Investment vs. Return
What’s it worth?
That’s a question we hear often when we’re displaying at fly-in events.
We also get numerous calls on the subject. Given the wide range of Waco pricing this is not surprising, and it is a subject that interests everyone. I’d like to offer some perspective.
In my lifetime I’ve seen the values grow from $500 in the 1940’s post WWII surplus economy to the present strong six figures. There has been a constant and steady increase, linear over the years, and the values have never backed up! The term “market” is often used in a discussion of values, as in “How is the Waco market?” My opinion is that there is no “market”, per se, for these airplanes.
The frequency of Antique sales is just too low to establish the statistical trends that make up market values.
There may be only two or three of a popular model, say a UPF-7, sold in a particular year. Or maybe only one, or none! Compare that with the thousands of Cessna’s, Pipers, Beech’s and Mooneys that are sold. Those numbers can easily be turned into statistics and trends. My definition of the Waco “market” is this: What the seller will accept and what the buyer will pay. That sets the “market” for that day, and it probably sets the basis for the next sale six months or a year later. The Waco fleet has a couple of important characteristics. First, the numbers (as in quantity) are constant. Second, the purchaser demographic is a relevant factor. Let’s address the numbers first, and there is an extremely important fact that bolsters this discussion: There will never be any more! Waco Aircraft Company’s production numbers were quite low. Yes, they were a factor in the industry at the time. But, in terms of today’s industrial economy, making 50 or 100 of something isn’t much. Even the 577 UPF-7s built looks small by today’s standards. Further, attrition has substantially reduced the UPF-7 numbers.
Today there are only 213 UPF-7s on the FAA aircraft registry. As I look through the FAA database I see several on each page that I know to be inactive basket cases or a title with a handful of parts. I’m sure any Waco enthusiast can do the same. I certainly don’t know them all, but I think it is safe to say that of the 213 registered probably 150 are “real” airplanes. By real, I mean complete or near complete vs. a title and parts. And of the 150 perhaps 100 or so are airworthy examples. OK, someone may correct my numbers one way or another, but this fact remains: The supply/demand ratio is heavily weighted in favor of value appreciation. And again, There will never be any more! There are no new examples coming down the production line to dilute the numbers.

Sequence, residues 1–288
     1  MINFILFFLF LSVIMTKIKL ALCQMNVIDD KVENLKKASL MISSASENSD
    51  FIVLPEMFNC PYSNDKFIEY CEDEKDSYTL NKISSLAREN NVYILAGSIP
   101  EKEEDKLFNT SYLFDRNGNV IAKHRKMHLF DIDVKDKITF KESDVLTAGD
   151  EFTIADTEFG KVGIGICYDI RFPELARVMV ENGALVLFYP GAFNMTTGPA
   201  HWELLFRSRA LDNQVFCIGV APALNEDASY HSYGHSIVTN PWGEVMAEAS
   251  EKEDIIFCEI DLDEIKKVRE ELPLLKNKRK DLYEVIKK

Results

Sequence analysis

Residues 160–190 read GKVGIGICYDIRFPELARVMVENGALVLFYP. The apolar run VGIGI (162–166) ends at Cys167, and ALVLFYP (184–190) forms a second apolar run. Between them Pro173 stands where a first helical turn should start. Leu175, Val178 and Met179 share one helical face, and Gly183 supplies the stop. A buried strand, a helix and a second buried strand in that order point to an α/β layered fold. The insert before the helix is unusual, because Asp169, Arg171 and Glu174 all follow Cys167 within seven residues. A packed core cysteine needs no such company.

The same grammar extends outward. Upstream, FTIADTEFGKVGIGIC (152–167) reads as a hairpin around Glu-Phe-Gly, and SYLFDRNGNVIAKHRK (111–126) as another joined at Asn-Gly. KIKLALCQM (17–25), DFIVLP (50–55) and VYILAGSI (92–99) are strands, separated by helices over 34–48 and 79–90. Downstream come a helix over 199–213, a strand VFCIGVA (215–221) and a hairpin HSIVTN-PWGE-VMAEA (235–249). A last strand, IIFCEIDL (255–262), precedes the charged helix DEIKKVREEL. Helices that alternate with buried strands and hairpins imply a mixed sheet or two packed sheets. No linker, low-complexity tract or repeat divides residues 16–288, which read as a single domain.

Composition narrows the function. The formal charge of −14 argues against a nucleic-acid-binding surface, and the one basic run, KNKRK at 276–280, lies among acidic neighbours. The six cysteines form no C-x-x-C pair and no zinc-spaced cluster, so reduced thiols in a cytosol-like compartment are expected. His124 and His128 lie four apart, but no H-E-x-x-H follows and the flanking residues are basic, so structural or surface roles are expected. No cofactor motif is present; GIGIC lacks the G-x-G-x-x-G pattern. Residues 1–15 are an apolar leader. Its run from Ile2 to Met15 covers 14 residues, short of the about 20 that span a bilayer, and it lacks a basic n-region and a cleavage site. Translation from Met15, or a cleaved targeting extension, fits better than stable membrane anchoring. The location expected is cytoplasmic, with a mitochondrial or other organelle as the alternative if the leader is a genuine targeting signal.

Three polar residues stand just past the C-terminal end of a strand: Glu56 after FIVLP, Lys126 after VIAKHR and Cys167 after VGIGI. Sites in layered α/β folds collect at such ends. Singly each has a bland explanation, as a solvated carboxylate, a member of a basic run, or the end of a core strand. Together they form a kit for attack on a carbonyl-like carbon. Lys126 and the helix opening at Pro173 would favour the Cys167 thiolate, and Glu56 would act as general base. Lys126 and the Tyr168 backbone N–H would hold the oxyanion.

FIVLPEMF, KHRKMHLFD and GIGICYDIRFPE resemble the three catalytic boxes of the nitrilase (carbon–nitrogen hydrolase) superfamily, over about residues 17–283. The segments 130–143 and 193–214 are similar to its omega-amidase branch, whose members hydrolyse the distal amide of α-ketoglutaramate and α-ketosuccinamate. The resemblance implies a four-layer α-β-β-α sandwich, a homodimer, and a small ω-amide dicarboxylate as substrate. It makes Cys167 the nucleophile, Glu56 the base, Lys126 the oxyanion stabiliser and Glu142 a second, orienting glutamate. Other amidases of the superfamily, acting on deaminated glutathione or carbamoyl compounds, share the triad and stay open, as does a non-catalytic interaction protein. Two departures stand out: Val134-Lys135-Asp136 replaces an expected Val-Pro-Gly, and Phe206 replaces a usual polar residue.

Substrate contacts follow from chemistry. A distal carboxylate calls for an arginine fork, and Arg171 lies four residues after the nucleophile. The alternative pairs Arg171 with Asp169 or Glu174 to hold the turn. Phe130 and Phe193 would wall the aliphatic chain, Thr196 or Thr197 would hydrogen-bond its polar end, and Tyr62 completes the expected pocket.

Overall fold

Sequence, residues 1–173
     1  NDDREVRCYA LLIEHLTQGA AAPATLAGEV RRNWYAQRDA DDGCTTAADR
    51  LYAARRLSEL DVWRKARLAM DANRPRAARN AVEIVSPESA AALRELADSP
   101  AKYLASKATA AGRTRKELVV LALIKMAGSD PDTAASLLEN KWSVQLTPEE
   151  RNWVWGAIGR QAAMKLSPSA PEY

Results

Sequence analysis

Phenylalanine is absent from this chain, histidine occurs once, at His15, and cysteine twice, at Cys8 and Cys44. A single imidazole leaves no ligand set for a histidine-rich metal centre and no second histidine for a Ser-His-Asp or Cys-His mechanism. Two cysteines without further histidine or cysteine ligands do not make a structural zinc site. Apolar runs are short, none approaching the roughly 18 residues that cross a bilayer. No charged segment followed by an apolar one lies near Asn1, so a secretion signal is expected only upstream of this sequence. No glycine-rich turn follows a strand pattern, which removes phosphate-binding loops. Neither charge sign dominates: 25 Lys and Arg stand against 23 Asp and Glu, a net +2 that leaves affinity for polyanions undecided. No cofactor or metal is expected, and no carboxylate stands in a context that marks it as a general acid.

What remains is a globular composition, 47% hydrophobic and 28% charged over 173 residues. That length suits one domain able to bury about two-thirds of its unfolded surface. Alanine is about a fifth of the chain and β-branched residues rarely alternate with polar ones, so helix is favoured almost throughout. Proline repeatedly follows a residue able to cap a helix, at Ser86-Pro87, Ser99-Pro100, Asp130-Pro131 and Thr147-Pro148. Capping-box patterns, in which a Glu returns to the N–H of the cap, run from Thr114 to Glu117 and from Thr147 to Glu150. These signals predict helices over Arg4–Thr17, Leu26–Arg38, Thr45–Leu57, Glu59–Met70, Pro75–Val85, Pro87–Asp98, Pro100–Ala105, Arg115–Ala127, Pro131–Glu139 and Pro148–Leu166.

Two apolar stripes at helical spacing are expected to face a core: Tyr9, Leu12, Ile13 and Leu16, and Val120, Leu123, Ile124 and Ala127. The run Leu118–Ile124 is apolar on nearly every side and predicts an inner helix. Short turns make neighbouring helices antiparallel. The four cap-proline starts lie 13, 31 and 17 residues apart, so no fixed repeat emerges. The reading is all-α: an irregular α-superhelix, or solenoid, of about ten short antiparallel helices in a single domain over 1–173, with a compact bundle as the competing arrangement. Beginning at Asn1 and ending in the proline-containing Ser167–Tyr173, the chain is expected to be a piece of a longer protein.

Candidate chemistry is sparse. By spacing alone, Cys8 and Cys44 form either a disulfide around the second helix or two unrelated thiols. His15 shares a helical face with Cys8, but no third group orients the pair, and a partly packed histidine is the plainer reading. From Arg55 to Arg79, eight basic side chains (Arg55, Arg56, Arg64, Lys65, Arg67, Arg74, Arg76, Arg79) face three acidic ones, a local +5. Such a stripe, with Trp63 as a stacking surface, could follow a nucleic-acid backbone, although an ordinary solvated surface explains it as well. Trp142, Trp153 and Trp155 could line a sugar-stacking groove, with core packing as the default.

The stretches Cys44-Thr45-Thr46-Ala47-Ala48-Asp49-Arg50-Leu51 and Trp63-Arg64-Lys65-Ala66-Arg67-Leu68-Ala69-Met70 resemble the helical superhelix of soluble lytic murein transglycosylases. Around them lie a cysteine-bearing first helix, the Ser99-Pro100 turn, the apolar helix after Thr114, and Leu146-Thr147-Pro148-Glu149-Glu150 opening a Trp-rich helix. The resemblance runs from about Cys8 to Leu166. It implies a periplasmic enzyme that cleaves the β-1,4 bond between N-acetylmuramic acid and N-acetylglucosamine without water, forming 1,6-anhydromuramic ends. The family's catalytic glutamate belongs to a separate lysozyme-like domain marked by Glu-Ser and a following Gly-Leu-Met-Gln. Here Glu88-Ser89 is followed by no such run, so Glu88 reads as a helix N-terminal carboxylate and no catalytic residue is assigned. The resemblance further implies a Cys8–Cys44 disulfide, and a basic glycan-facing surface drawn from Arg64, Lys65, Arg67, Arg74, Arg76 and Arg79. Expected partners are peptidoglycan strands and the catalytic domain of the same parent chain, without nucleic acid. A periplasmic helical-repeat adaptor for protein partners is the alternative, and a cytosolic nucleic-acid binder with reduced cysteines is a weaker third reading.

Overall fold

The demand side of the equation is interesting as well. Consider this: There has been an entire generation of pilots born since the certification of the Piper Cherokee, and every day (week, month, etc) another of them learns the enchantment of antique biplane flying.
What emerges from this scenario is that our original Wacos are clearly collector’s items similar to works of art. In many cases they ARE works of art.
Add the burgeoning interest in all things old and historic, and a solid value basis emerges. Our original Wacos all have a factual past and a story to tell. In addition, I’m going to say what most Waco owners and enthusiasts already know: UPF-7s are better flying airplanes!
The second characteristic of our original Waco fleet involves the typical purchaser/owner. He is drawn to the original Waco because he is a true enthusiast.
(I’ll refer to the enthusiast as “he” in a gender neutral sense for narrative simplicity, with due respect to our many female Waco owners and enthusiasts).
True enthusiast? By this I mean that his purchase of an original Waco is personal, and more than just a toy acquisition. The provenance is as important to him as the flight attributes. The purchase is elective and usually not leveraged vs. the purchase of a business tool for ride hauling. The non-leveraged personal purchase is important because a stagnant economy will probably not trigger a sacrifice sale that depresses values. How about price? First of all, we’ve never been apologists for price.
Our “Reman to New Standards” Waco is the most expensive original available. It is double or more than the price of low end examples yet way below the new production replicas. But consider this:
Not one of our restorations or remans has ever resold for less than its original cost.
Quality and value earn their own level…strongly supported by the supply/demand numbers.
A Rare Aircraft Waco is not only the best in the Waco world; it is a solid investment, and a rewarding ownership and flying experience. The motto of the 1930s Packard Motor Car Company is appropriate:
ASK THE MAN WHO OWNS ONE!!